Feeling the strain, but not the pain

Dealing with sore, cramped-up and aching legs had always been a part of my day-to-day existence, even as I am not

Dealing with sore, cramped-up and aching legs had always been a part of my day-to-day existence, even as I am not a particularly athletic person.

Growing into an adult, I had simply accepted the fact that my leg muscles had a mind of their own with their seeming agenda of staying very tight and toned all on their own, regardless of how minor my physical activity level was.

Performing physical activities such as climbing high steps is nearly impossible, and being a ballet dancer or professional gymnast is certainly out of the question, as I have to sit down to even tie my own shoes.

I guess I am one of the lucky ladies who doesn’t have to worry about her legs looking fat when exposed by shorts, skirts or dresses. But this is not worth the amount of pain I endure even after a simple day of walking around.

I had always relied on Tylenol to rid the pain, but then it finally hit me — it’s time to go to a physiotherapist.

Typing ‘Sylvan Lake physiotherapy’ into Google, I stumbled across a sports injury clinic, which happened to be located in the basement of my doctor’s office.

Stepping out of the elevator, which had landed me in the basement clinic where my physiotherapist worked, my first reaction was to question whether I was in a hospital or a gym.

I will admit — I silently questioned this first impression, and wondered if this place would provide me with a good first experience. To my left I saw long, yellow curtains held up by mobile tracks in the ceiling, which desperately attempted to provide some sort of minor privacy. To my right, mirrors and exercise equipment were confidently mounted to the wall.

I tried to keep an open mind about the place I had just walked into, and I silently prayed to God that I wouldn’t be just another client slotted in between the hospital curtains. I wanted privacy.

My physiotherapist came up to me and politely introduced herself. This is when I walked with her past the mini hospital to my very own enclosed room with a special physiotherapy table that looked something like a massage table and a weight training bench. All the same, I had privacy. I breathed a sigh of relief, but still wondered what would take place, as I had no idea what to expect, what she needed me to do physically and how much pain she would put me in.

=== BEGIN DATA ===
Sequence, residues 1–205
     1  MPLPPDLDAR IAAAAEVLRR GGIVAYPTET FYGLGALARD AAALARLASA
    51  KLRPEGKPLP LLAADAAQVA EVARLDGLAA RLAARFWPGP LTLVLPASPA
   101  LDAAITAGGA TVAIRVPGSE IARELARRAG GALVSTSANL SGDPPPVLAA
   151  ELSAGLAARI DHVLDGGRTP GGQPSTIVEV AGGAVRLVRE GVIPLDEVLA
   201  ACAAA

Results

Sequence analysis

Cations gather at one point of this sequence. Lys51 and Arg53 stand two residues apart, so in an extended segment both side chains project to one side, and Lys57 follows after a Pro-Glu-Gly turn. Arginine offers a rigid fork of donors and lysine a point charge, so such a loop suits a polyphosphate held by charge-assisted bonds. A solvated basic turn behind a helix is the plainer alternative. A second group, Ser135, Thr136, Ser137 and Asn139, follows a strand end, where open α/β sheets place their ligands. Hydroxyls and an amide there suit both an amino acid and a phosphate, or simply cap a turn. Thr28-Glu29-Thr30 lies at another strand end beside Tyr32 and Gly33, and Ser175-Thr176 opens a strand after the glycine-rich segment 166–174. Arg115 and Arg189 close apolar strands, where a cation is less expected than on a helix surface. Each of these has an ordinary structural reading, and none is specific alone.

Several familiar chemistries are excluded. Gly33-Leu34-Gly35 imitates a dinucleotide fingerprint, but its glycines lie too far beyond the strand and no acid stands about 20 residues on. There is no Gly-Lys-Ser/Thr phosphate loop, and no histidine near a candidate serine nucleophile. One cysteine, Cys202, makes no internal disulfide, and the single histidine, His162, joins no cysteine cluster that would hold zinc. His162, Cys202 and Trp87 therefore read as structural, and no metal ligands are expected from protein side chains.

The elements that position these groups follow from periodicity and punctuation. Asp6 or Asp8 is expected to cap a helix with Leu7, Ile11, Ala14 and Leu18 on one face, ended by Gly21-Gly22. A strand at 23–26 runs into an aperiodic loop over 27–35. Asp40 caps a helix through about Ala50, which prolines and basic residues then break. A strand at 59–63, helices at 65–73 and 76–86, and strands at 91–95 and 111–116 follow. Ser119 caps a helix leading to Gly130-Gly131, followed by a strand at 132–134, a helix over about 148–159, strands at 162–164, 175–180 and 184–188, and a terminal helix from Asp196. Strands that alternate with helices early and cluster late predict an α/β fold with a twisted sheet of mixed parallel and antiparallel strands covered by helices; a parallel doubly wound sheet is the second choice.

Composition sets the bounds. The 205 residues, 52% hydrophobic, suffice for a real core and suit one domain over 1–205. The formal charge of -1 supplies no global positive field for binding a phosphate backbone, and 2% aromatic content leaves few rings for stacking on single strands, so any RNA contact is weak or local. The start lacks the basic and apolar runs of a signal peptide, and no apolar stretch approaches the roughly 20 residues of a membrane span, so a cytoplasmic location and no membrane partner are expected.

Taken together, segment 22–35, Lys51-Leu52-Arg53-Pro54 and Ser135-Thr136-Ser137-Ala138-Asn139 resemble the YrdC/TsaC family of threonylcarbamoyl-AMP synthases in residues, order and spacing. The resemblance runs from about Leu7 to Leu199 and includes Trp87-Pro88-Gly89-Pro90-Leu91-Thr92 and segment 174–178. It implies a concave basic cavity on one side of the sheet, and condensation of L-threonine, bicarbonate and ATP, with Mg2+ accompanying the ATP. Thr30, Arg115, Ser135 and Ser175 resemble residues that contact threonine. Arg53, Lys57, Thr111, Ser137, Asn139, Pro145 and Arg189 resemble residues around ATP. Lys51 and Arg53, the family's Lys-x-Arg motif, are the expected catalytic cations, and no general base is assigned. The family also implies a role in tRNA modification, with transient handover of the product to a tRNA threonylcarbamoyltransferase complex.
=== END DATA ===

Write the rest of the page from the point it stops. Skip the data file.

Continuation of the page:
After answering questions on when and how often I felt pain, and pointing where on my legs the pain presented itself, she tested my reflexes with a special hammer. Just before doing this, I asked her if this would hurt and she simply said no. As a matter of fact, I started to giggle in amusement as my leg gently kicked in reaction to being tapped just below the knee cap.

After a good hammer analysis, and feeling how tight my muscles really were, she explained to me that my pain was a matter of having naturally toned muscles that need to be stretched.

This is when the fun began of learning how to properly stretch.

As I laid down comfortably on my back on the black bed, I was directed on how properly target and stretch different muscles, and was told that I should not stretch to the point of pain. Hearing this piece of advice really opened my eyes to the realization that ‘no pain, no gain’ might be a complete myth and not necessarily always applicable.

I was then told that if I stretch to the point of pain, I can cause more damage to my muscles, when I only want to stretch them out. This brought me back to the days of when my personal trainer would stretch my entire leg, and would do it to the point of pain. This made me wonder if he really knew what he was doing.

After showing me three complete sets of daily stretches, my legs started to feel different. It was like for the first time in my life they were willing to work with me, and not just be forced to work like two skinny tree branch slaves that were connected to my hips.

Waking up the next morning, I didn’t feel pain, but instead reaped the benefits of a proper stretch from having gone to see a good physiotherapist.

I was glad to know I wasn’t dealing with loads of scar tissue or nerve damage, and that my muscles and tendons weren’t beyond repair.

All I had to do was practice stretching. Just not to the point of pain.


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